CLEMSON — In the middle of 48 of the most tumultuous hours in college football history, during which a group of players from across the country channeled a collective voice to push back against the possible cancellation of the fall season, Dabo Swinney offered a helping hand.
He would, in fact, be supportive of the proposed college football players association.
But Clemson’s head coach inserted an important caveat.
“That’s different from a union,” he said, nodding. “I will say that.”
The wording is significant. A football players association would provide players a stronger voice and be helpful in advocacy and education. But without the collective bargaining power and the willingness to strike made possible by a union, an association would be limited in what it could accomplish.
Clemson running back Darien Rencher, who along with quarterback Trevor Lawrence helped nationalize the #WeWantToPlay movement, suggested a football players association could have helped prevent the mess the sport now finds itself in with wide widespread health and safety concerns related to the coronavirus.
But that’s not necessarily the case, said Andy Abrams, dean emeritus and professor of law at the Charleston School of Law.
“The ‘association’ is kind of kicking the can down the road,” Abrams said. “If they’re an association and they have no ability to insist that they negotiate with them, and if they don’t like the deal, the ability as players to refuse to play (without retribution) — if they don’t have that ability, then they really are more of an advocacy group.”
The players’ push to be heard began in earnest Aug. 2 when Pac-12 players published on The Players Tribune a list of demands tagged #WeAreUnited. They called, among other things, for 50 percent of each sport’s total conference revenue to be distributed evenly among athletes in their respective sports, and for Pac-12 commissioner Larry Scott, administrators and coaches to “voluntarily and drastically reduce excessive pay.”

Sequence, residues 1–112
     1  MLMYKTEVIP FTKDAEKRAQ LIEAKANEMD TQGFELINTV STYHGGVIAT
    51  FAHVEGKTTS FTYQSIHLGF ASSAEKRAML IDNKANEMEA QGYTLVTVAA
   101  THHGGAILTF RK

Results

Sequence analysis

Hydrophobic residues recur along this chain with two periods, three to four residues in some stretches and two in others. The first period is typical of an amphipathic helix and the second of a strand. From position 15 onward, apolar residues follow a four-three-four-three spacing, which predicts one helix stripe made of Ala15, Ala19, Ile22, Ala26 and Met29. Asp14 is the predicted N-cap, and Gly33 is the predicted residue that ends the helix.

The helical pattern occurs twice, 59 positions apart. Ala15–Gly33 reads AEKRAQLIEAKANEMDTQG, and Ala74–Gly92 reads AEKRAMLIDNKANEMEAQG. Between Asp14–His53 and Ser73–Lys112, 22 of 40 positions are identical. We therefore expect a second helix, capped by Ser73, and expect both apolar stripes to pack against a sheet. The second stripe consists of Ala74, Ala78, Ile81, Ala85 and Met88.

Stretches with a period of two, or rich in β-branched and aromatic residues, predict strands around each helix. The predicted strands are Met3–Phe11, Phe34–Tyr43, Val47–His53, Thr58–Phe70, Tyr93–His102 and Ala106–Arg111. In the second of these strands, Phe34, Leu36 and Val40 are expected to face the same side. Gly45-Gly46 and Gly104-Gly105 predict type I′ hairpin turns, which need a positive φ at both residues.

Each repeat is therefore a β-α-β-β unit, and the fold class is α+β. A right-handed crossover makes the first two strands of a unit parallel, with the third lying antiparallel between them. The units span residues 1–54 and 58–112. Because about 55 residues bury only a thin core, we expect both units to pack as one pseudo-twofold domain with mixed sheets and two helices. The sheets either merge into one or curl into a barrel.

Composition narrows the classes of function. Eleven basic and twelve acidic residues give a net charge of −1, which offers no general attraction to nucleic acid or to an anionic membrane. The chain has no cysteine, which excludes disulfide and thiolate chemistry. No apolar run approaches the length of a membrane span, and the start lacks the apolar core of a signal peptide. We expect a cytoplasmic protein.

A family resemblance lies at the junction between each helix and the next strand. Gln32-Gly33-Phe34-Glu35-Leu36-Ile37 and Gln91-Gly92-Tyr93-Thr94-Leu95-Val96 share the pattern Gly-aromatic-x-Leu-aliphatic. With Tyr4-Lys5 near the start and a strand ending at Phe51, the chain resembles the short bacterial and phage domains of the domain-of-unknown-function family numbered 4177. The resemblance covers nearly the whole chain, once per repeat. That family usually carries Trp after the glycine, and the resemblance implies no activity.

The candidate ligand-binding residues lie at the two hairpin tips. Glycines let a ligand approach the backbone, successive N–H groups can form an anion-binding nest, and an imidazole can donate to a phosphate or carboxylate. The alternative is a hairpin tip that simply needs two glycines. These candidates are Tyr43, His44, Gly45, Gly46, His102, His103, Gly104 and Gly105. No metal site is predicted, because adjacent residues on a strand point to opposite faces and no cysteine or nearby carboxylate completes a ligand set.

Then, last Sunday, Lawrence and other players tweeted #WeWantToPlay, and some took the hashtag as a rebuke of #WeAreUnited.
In an effort to find common ground, Lawrence and Rencher that evening organized a Zoom call with Stanford defensive lineman Dylan Boles, Alabama running back Najee Harris, Ohio State quarterback Justin Fields and Oklahoma State running back Chuba Hubbard, among others.
Lawrence tweeted at 12:01 a.m. Monday the list of requests that came out of the meeting, tagged with both #WeAreUnited and #WeWantToPlay:
• We all want to play football this season
• Establish universal mandated health and safety procedures and protocols to protect college-athletes against COVID-19 among all conferences throughout the NCAA
• Give players the opportunity to opt out and respect their decision
• Guarantee eligibility whether a player chooses to play the season or not
• Use our voices to establish open communication and trust between players and officials; ultimately create a college football players association
• Make sure the association is representative of the players of all Power 5 conferences
The student-athletes have been working too hard for their season to be cancelled. #WeWantToPlay https://t.co/lI3CCKZ4ID
— Donald J. Trump (@realDonaldTrump) August 10, 2020
Trump and Trevor
The post sent waves through the national consciousness and was even retweeted by President Donald Trump, whose November reelection effort is in part tied to the notion the pandemic is under control. Trump and Lawrence then spoke by phone midday Tuesday.
“President Trump and Trevor Lawrence spoke briefly this week about their shared sentiment that there should be college football this fall,” a White House official told The Post and Courier. “They both believe that college players’ voices have never been stronger, and it’s time that they are part of the discussion.”
Lawrence on Monday expanded on the players’ position.